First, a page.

Cosmetic surgery is an elective procedure that alters and enhances some aspect of your appearance. Similar to other types of surgery, cosmetic surgery requires recovery time, healing and care, and carries risks and side effects.
Many people see advertisements and celebrities and imagine using cosmetic surgery to achieve a similar look. But it’s important to have realistic expectations of cosmetic surgery. It will improve your appearance but it will not give you an entirely new body or face, nor will it change your entire life.
Cosmetic Surgery vs. Plastic Surgery
The terms cosmetic surgery and plastic surgery are often used interchangeably, but they have different ideologies. Cosmetic surgery is a subset of plastic surgery and is is focused on improving appearance and aesthetics. Cosmetic surgeries include breast augmentations and lifts, rhinoplasty, facelifts, eyelid lifts, neck and brow lifts, tummy tucks, liposuction, Botox, etc.
Plastic surgery is focused on repairing and reconstructing facial or bodily defects due to birth defects, trauma, burns, disease, etc. Plastic surgery aims to restore normal functions of the body and is typically not elective. Plastic surgeries include breast reconstruction, burn repair, congenital defect repairs (cleft palate), hand surgery, scar revision surgery, etc.
Plastic surgeons become board certified in plastic surgery by completing a general surgery residency and an additional 2 years in plastic surgery. Cosmetic surgeons often receive training but there is no rigorous schooling or mandatory certification process. Cosmetic surgeons can be general surgeons, dermatologists, family physicians, etc.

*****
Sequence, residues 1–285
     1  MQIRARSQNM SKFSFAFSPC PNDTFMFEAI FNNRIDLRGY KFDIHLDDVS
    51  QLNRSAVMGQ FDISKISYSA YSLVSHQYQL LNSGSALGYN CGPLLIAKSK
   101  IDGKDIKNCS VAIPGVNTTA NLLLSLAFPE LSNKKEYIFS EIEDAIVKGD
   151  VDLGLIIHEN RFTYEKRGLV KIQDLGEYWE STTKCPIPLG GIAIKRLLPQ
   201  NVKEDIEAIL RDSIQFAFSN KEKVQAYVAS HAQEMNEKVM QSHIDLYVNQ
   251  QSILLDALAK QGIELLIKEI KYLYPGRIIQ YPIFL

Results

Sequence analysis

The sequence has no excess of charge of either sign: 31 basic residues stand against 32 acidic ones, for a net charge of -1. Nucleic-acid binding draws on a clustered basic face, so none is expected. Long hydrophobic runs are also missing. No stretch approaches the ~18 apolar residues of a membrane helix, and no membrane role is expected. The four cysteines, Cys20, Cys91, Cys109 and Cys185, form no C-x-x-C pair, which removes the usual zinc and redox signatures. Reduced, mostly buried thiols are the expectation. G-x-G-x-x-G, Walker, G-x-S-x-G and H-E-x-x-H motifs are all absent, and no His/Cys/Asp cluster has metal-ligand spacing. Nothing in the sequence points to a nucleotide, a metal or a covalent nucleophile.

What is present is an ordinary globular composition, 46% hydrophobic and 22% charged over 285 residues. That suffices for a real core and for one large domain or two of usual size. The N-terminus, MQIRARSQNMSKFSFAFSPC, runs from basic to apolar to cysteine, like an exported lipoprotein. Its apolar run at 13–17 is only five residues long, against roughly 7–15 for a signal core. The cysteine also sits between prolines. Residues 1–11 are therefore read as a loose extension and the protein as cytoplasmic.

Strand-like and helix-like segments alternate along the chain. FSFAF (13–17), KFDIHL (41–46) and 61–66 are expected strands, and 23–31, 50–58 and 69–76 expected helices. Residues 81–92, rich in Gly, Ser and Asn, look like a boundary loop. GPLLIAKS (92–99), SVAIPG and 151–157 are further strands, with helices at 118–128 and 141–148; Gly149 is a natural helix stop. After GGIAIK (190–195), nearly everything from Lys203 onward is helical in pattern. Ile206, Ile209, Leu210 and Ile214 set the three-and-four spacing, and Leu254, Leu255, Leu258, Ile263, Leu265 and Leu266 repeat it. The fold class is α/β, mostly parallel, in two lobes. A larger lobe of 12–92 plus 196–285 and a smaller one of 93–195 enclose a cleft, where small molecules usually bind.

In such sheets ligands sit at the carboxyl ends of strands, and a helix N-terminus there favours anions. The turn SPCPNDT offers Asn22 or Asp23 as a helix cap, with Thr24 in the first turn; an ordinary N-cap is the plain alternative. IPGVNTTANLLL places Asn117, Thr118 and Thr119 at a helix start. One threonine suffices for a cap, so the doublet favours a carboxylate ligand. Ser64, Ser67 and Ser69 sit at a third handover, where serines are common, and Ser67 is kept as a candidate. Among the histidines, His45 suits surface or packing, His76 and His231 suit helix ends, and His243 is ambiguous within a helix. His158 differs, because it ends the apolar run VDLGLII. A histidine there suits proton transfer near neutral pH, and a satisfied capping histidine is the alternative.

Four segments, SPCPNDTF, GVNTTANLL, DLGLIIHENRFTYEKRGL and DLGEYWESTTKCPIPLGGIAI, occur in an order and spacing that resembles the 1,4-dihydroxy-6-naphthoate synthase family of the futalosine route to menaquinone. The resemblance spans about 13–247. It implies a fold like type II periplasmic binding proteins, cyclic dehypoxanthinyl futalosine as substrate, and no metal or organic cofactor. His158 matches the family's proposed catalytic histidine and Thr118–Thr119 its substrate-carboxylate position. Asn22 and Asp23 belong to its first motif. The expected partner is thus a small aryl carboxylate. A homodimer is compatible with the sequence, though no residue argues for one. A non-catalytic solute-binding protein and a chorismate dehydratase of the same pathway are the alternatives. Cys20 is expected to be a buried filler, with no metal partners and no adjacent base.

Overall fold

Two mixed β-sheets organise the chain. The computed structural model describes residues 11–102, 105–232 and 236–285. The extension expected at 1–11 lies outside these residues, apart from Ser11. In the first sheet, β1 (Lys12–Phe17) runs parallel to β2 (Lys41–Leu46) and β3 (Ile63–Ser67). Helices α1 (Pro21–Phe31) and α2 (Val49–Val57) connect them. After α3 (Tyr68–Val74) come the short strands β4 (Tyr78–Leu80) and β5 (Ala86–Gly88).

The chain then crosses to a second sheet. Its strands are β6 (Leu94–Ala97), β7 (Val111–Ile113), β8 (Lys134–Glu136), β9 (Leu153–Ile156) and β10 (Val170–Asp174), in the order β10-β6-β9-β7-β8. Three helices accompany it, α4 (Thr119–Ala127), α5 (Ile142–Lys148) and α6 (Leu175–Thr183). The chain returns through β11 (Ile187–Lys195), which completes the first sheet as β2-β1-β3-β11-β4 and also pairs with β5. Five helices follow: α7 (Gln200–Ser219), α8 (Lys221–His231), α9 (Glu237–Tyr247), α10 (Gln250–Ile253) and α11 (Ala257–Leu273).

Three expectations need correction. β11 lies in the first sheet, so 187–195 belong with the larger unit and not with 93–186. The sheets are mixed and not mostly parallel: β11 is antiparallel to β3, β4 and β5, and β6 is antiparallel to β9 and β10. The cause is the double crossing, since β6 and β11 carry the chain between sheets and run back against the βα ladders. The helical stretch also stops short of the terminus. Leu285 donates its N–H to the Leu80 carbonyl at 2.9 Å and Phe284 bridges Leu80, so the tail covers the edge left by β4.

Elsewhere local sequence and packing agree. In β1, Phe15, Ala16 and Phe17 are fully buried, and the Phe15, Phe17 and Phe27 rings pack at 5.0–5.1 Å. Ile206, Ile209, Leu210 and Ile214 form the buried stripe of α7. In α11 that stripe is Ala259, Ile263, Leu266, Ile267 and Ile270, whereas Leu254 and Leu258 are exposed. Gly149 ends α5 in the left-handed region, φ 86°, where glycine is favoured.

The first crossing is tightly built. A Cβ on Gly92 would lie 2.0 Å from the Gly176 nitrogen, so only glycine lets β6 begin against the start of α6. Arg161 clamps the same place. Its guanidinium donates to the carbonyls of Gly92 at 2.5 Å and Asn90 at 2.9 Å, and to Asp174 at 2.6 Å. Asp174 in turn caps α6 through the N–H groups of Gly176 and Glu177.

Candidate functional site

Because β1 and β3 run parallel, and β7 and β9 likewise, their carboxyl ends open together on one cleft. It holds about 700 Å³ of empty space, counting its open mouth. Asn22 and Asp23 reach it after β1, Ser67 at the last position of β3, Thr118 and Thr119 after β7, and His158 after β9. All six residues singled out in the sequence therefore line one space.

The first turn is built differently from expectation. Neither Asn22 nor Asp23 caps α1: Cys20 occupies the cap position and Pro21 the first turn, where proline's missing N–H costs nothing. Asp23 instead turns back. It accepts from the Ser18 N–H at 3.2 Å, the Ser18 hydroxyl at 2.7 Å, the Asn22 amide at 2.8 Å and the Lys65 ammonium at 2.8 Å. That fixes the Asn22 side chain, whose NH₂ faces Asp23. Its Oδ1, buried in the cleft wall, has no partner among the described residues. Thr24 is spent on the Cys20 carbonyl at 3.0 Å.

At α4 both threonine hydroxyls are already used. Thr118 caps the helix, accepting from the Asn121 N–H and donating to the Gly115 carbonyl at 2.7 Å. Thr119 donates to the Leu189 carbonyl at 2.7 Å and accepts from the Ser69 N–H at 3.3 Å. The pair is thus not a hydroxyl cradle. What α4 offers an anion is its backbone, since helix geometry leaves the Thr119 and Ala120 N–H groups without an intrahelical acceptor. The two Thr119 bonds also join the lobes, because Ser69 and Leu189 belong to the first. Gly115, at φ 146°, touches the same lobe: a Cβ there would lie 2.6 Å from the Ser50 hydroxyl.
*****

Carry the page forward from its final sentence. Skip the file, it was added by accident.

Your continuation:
Facial injectables, lip enhancements, chemical peels, and microdermabrasion are often advertised as cosmetic surgery. They do enhance features in the face and offer desired results, but they are not surgical procedures. Most are injections, which can take up to 20 minutes each, and require only light healing.
What Cosmetic Surgery Isn’t
Cosmetic surgery isn’t a quick fix for your problems and it won’t make life perfect. Those with unrealistic expectations, high standards, who are going through a crisis, or are obsessed with a small defect should consider learning to love their body before undergoing major surgery. It is also not a weight loss routine. Cosmetic surgery can be used to help remove those last few pounds after diet and exercise or to enhance facial features or remove some of the signs of aging. It can certainly bolster confidence but patients who are unhappy with themselves will likely not find peace with dramatic and permanent changes. It’s important to have a strong understanding of what you are looking to change, how cosmetic surgery will fix that, and how you will look and feel after surgery.